The NHL’s salary cap forced Chuck Fletcher and the Minnesota Wild into a tough balancing act. On the one side are the well-paid veterans whose skill levels are established, if subject to bad luck and other kinds of decline. On the other side are the players on a first contract or an entry-level deal: the rookies and the young core. These players offer occasional glimpses of their best selves, but often disappoint with mistakes or other kinds of regression, especially when they are thrust into new roles. Mediocrity is the result when rookies fail to make the leap to consistent good play and veterans fall back a step.
Things have trended down for the Minnesota Wild‘s AHL affiliate since losing in the 2011 Calder Cup final to Binghamton. The team was moved from Houston to Iowa and while this makes for much easier ground transportation for players on recall, the on-ice results have not been good thus far.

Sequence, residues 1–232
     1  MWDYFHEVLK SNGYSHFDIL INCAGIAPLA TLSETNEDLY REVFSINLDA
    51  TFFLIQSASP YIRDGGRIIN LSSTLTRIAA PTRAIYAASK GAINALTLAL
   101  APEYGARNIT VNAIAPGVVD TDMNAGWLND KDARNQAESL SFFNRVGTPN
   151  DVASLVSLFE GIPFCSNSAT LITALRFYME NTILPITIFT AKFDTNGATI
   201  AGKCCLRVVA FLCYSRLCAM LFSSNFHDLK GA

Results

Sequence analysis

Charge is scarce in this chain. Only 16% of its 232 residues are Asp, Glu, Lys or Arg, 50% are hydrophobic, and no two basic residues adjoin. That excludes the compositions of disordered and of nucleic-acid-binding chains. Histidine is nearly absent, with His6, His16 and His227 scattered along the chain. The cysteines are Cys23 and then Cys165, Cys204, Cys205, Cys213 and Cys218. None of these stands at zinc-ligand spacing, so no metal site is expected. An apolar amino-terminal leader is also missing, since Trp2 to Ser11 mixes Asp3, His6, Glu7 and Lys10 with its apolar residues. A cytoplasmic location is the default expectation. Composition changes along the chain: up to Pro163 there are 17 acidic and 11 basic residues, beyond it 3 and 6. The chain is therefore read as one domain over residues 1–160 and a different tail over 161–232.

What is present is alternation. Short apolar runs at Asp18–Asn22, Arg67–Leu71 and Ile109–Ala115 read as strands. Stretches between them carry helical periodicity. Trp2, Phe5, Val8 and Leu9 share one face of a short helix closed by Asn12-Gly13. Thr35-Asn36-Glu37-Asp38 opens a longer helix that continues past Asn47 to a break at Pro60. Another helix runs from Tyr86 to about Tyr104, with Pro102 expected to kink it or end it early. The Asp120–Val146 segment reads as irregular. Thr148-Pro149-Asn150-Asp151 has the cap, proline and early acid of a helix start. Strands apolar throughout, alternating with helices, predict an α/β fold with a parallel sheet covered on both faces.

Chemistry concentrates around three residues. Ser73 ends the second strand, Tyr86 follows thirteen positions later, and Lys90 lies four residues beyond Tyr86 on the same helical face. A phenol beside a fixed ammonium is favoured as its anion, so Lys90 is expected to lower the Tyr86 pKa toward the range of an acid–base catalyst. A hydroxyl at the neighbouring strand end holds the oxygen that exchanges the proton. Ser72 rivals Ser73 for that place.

After five years on the job general manager Chuck Fletcher has made his mark on the Minnesota Wild, swiftly rebuilding a franchise that had lost its way. He has assembled a promising young core of Mikael Granlund, Jonas Brodin, Nino Niederreiter, Charlie Coyle, Jared Spurgeon, Erik Haula, Darcy Kuemper, Matt Dumba, and Christian Folin. With a strong group of veterans brought in via trade and free agency to supplement the few holdovers from the prior administrative regime, this leaves very little room for true prospects at the moment.